RCMP officer on trial after fatal collision

The Crown is alleging that RCMP officer Benjamin 'Monty' Robinson tried to beat an impaired driving charge.
The Crown is alleging that RCMP officer Benjamin 'Monty' Robinson tried to beat an impaired driving charge.

The RCMP officer involved in the 2008 collision that killed 21-year-old Orion Hutchinson is on trial, but the charges aren’t what you’d expect.

RCMP corporal Benjamin “Monty” Robinson is on trial in B.C.’s Supreme Court for obstruction of justice; the Crown alleges Robinson used his knowledge of legal procedures to beat impaired driving charges following the accident.

At the time of the accident, Robinson was driving his two children in his Jeep when he struck Hutchinson; according to CBC News, Hutchinson told a witness to the accident’s aftermath that he was going to take his children to his nearby home, then return to the scene. He handed his license to the bystander, walked off with his children, and returned a few minutes later.

According to a report in the Vancouver Sun, when he returned, Delta police constable Sarah Swallow testified that Robinson’s speech was slurred and his eyes were unfocused. When she asked him if he’d been drinking, Robinson said he’d had a couple of shots of vodka at home to calm his nerves.

She then told him his signs of impairment didn’t match that story, and he told her he’d also had a couple of beers at a friend’s Christmas party at 5:30 p.m., then corrected himself and said it was a Halloween party.

Swallow said she arrived at the accident scene at 10:24 p.m. When Robinson was administered a breathalyzer, he blew .12 first, then .10 a few minutes later; the legal blood-alcohol limit is .08.

Robinson’s lawyer says Swallow did not advise Robinson of his right to legal counsel before he told her of the vodka, so Swallow’s testimony should not be allowed.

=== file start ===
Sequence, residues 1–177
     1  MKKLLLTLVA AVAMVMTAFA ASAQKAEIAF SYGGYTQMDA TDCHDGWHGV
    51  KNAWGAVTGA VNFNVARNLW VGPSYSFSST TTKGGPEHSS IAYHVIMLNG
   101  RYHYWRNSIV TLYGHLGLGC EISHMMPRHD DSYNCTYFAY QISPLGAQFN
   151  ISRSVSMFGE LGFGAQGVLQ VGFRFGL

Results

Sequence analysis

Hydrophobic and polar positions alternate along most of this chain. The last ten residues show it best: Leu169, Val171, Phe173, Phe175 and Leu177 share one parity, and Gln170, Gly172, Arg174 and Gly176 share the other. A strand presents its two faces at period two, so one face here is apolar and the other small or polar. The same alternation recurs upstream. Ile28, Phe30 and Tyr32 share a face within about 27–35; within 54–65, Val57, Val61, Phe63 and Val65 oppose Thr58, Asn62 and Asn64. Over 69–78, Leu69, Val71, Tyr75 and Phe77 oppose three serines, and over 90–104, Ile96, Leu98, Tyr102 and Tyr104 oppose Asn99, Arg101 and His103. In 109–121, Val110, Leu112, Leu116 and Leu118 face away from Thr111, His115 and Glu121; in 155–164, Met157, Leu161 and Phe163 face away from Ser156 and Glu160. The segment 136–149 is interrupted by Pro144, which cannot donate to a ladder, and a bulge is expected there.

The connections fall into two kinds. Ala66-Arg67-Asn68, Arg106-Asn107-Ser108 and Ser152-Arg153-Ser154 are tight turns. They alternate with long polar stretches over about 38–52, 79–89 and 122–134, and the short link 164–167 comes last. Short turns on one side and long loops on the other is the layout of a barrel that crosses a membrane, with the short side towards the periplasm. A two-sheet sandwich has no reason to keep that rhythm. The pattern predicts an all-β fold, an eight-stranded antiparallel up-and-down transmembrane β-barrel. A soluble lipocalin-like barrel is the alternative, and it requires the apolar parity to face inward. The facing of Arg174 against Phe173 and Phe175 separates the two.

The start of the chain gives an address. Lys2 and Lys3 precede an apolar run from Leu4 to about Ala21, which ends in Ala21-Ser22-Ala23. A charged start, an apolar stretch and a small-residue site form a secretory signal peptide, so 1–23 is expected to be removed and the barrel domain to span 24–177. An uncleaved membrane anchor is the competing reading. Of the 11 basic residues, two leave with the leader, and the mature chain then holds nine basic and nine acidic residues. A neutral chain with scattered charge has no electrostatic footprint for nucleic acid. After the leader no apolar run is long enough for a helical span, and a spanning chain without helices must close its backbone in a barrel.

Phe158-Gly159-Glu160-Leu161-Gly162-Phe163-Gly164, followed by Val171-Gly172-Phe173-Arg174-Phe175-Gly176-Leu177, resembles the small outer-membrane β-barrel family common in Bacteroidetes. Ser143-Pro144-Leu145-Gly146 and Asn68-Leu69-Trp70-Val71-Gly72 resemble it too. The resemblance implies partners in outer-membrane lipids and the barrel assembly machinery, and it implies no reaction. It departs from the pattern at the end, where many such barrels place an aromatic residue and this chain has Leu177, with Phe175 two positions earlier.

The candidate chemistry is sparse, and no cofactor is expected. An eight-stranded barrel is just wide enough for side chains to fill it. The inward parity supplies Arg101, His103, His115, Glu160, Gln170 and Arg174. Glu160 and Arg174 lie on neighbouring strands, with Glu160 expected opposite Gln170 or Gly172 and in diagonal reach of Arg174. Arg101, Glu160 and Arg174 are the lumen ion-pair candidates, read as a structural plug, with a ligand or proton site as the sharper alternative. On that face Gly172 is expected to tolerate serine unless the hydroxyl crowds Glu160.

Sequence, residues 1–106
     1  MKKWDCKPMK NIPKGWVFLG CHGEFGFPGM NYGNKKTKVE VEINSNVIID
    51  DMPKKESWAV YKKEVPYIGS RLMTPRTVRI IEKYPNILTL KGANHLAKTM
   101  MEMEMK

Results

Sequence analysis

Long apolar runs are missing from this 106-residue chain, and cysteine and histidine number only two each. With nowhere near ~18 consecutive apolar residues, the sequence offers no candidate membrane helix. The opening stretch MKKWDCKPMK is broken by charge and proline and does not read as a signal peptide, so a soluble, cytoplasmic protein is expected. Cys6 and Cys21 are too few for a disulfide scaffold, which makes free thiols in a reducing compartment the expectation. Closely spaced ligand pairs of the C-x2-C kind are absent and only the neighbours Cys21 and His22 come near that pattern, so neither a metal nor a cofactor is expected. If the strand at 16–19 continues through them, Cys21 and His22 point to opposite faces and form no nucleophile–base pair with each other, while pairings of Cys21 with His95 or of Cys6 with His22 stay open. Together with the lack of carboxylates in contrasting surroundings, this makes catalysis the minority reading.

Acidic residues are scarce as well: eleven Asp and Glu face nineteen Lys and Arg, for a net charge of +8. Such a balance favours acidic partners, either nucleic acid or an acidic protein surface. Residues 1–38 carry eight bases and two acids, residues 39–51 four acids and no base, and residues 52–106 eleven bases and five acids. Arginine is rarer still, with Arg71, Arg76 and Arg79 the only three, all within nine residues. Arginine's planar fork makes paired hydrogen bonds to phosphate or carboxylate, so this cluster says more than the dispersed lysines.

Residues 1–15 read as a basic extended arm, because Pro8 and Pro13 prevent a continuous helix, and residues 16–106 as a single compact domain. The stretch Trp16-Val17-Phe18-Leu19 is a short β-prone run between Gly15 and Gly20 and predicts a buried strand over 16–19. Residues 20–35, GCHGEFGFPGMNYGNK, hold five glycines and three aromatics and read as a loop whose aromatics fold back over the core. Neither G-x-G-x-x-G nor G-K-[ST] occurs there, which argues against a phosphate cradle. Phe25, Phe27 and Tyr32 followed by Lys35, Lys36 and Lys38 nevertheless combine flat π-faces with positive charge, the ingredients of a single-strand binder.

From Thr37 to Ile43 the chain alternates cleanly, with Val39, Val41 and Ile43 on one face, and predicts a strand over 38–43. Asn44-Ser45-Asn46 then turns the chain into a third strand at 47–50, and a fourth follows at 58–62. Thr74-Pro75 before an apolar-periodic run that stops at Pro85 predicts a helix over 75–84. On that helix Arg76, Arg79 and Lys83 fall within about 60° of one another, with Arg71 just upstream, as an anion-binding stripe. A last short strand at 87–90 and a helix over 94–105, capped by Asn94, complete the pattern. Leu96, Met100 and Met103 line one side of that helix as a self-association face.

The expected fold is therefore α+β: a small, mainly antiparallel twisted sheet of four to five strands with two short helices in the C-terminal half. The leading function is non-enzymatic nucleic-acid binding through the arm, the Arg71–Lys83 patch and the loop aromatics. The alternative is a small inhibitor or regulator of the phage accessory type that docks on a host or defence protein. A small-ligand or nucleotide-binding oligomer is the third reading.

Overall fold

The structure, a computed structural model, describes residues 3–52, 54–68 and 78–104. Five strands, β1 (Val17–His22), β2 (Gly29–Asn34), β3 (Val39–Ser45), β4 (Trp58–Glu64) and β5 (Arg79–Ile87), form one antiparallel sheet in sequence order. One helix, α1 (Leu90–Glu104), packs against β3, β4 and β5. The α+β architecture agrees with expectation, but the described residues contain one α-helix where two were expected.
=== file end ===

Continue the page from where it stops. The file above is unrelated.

At the trial, the Crown is alleging that Robinson beat a drunk driving rap with his knowledge of how the system works; Crown witnesses are expected to testify that in a 2005 training course, Robinson was instructed that it was possible to beat a drinking and driving charge if the driver consumed alcohol after the accident. The Crown prosecutor says one witness will testify that at a 2007 party, Robinson said the best way to beat an impaired driving charge is to leave your license at the scene of the accident to avoid charges of leaving the scene, and then consume alcohol.

Robert Dziekanski

This isn’t the first time Robinson has been surrounded by controversy. Robinson was the senior officer on duty when four RCMP members tasered and wrestled Polish immigrant  Robert Dziekanski at Vancouver International Airport. Dziekanski died at the airport after the incident, and following an inquiry, Robinson and three other RCMP officers are now facing perjury charges stemming from their testimony during the Braidwood Inquiry into the Dziekanski matter.

A Special Prosecutor indicated there was no reasonable prospect of conviction for any potential charge relating to the tasering itself but recommended the perjury charges in relation to their testimony before Justice Braidwood.  Jury selection in that charge is scheduled to begin in the fall of 2012.  The allegations remain outstanding and have not been proven in court.